fall back on

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fall back on (someone or something)

To depend on someone or something that one has kept in reserve. With all of these medical bills, I just don't have any more money to fall back on. We can fall back on a few other babysitters if Jane can't make it.
See also: back, fall, on

fall back on(to) someone or something

 
1. . Lit. to fallback-wards onto someone or something. She stumbled and fell back onto the lady behind her. She fell back on the couch.
2. Fig. to begin to use someone or something held in reserve. We fell back on our savings to get us through the hardtimes. We had to fall back on our emergency generator.
See also: back, fall, on

fall back on

Also, fall back upon. Rely on, have recourse to, as in I fall back on old friends in time of need, or When he lost his job he had to fall back upon his savings. [Mid-1800s]
See also: back, fall, on
References in periodicals archive ?
BAGHDAD / NINA / Economist Dergham Mohammed Ali said the threat of Saudi Arabia to raise its oil production to the highest levels and flooding the oil market would fall back upon it first.
The reason for this preference is because "the richer class have many ways of shielding themselves, and stand less in need of help from the State; whereas the mass of the poor have no resources of their own to fall back upon, and must chiefly depend upon the assistance of the State.
The court found further support for its decision in the fact that, absent the ability to use untainted funds to secure counsel, "these defendants, rendered indigent, would fall back upon publicly paid counsel, including overworked and underpaid public defenders" and that "increasing the government-paid-defender workload [would] render less effective the basic right the Sixth Amendment seeks to protect.
The plurality explained that were the government able to properly seize such untainted assets, thereby depriving an accused person of the ability to retain counsel of their choice, "these defendants, rendered indigent, would fall back upon publicly paid counsel, including overworked and underpaid public defenders.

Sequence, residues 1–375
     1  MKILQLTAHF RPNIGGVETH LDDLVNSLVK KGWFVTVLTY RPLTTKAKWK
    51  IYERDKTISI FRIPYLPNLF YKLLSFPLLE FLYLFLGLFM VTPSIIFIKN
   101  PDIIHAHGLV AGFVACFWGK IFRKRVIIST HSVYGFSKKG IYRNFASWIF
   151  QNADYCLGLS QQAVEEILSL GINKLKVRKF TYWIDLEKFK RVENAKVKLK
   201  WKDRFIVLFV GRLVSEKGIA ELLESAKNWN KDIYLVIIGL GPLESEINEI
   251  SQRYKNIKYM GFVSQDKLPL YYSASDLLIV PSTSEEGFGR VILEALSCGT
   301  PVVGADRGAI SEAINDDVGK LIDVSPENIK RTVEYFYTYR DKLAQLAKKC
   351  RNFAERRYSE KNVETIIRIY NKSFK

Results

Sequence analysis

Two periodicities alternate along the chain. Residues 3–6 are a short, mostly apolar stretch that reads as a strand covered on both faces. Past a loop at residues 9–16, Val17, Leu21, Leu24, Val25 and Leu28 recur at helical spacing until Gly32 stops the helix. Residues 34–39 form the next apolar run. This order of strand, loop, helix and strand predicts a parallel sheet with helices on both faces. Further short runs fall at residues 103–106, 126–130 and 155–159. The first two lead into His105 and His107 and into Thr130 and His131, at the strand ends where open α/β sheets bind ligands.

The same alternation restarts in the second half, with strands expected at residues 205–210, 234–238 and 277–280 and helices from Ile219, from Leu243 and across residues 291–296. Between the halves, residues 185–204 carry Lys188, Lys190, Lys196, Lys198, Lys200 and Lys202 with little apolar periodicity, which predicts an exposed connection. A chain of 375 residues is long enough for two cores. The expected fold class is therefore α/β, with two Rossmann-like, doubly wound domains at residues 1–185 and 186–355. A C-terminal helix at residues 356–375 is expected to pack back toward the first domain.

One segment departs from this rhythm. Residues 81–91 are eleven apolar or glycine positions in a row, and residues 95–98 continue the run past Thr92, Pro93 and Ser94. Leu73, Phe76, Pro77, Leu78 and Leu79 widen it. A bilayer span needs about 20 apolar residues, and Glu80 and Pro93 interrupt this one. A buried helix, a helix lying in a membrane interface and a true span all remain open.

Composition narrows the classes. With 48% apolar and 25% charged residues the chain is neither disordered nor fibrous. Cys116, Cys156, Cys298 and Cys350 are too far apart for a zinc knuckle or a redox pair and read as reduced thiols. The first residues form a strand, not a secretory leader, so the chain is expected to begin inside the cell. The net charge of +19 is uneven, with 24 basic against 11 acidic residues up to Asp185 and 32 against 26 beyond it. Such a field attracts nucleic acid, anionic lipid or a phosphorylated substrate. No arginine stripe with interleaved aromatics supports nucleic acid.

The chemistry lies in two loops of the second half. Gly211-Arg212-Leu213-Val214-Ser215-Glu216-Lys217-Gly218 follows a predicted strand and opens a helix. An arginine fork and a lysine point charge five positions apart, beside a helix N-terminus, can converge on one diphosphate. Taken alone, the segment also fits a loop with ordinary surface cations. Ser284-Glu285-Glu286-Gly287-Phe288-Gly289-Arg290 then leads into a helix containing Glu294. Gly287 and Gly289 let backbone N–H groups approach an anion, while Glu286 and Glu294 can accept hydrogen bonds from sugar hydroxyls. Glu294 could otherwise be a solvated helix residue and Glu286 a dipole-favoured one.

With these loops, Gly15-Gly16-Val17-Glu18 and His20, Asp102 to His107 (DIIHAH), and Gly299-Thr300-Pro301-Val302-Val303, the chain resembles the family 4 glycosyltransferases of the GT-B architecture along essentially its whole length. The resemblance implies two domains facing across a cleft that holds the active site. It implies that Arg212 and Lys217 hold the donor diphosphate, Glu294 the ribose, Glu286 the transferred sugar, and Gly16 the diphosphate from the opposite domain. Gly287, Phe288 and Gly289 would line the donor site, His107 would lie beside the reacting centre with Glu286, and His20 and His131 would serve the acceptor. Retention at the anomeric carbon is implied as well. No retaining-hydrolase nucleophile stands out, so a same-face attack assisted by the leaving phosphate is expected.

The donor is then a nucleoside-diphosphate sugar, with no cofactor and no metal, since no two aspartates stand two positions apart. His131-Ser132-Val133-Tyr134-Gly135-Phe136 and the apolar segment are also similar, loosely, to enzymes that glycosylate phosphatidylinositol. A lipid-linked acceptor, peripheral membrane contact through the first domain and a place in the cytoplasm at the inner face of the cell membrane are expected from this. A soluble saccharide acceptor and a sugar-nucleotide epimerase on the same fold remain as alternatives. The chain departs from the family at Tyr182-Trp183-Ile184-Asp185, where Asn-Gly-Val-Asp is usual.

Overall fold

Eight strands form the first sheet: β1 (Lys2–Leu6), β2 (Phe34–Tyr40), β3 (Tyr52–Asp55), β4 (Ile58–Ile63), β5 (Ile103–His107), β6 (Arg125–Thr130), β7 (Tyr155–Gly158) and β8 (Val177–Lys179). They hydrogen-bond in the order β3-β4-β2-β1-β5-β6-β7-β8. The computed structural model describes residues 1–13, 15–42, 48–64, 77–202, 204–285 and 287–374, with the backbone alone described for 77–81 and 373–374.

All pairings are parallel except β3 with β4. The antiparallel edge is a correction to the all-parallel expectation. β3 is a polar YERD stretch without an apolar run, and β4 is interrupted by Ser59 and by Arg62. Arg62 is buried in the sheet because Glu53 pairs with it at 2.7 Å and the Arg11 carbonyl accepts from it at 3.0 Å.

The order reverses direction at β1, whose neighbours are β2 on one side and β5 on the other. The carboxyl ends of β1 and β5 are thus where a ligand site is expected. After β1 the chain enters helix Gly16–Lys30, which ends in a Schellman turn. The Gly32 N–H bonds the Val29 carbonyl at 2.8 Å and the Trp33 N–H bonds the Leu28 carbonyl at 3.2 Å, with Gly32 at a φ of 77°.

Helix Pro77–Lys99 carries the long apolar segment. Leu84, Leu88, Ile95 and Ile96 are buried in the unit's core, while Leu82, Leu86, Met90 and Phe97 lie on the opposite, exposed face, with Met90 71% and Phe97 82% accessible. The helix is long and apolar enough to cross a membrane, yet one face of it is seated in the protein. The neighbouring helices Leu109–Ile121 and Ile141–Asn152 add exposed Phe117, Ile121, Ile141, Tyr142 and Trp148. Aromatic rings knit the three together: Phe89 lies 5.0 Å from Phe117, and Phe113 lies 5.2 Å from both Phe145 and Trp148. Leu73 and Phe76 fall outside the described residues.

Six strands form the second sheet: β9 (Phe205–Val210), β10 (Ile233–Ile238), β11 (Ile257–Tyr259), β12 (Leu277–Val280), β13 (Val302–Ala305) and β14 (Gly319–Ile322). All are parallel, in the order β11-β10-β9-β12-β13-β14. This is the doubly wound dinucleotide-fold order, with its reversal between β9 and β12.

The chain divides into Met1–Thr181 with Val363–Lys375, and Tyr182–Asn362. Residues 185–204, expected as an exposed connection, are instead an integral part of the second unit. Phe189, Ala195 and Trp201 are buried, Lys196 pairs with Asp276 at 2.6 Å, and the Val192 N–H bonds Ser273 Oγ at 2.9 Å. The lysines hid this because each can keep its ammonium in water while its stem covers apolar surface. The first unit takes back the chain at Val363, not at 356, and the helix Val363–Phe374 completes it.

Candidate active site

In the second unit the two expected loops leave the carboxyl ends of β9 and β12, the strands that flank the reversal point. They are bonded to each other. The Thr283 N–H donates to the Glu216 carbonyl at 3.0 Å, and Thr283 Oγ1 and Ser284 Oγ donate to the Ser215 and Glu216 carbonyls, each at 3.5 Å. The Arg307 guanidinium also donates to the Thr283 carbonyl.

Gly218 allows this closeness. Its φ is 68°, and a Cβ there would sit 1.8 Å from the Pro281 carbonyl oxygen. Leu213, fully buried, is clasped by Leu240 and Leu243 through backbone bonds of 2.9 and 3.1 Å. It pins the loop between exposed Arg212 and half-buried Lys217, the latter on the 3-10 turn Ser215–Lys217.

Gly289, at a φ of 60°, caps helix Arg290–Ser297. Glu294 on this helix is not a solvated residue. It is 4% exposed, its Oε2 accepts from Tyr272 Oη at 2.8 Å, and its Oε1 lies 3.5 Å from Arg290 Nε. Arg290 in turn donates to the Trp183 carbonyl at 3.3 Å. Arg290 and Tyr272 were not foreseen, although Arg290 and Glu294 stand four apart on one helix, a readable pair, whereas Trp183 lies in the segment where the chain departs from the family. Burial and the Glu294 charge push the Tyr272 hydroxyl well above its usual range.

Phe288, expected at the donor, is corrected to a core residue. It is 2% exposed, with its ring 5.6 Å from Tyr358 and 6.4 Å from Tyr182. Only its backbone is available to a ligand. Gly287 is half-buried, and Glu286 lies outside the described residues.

As Pope Leo XIII admonished in Rerum Novarum: The richer class has many ways of shielding themselves and stands less in need of help from the State; whereas the mass of the poor have no resources of their own to fall back upon, and must chiefly depend upon the assistance of the State.
His Armagh counterpart Kieran McGeeney has it, with six years of experience with Kildare to fall back upon.
The current state of professional boxing can be gauged by the fact that the sport had to fall back upon two fading stars, well past their prime.
They did not even have a roof over their head and no one else to fall back upon.
The OPEC swing producer Saudi Arabia announced its budget late December with no expenditure cuts, as they have large financial reserves to fall back upon.
Another reason is because civil administrations are not capable of effectively playing their role in rescue and relief operations, the government has to fall back upon military to do the JOB.
With no Ross McCormack to fall back upon following his PS11million summer move to Fulham, the visitors were toothless.
Gold is also seen as a reserve to fall back upon during lean days.
It is known that most of the workers are unable to save and when they lose their jobs or go back home, they have nothing to fall back upon.
But in this case, because this rule is the first one, there is no superseding rule to fall back upon, the Fed pointed out.
What started off as a fairly decent fight to guarantee a woman her rightful place in society, a precedent that could be used to readily fall back upon to ascertain that the country never again used the female gender in the context of the weaker sex; it is sad state of affairs that women do not find themselves in any better position that they were in earlier and continue to fall easy preys to the lustful advances of lecherous males.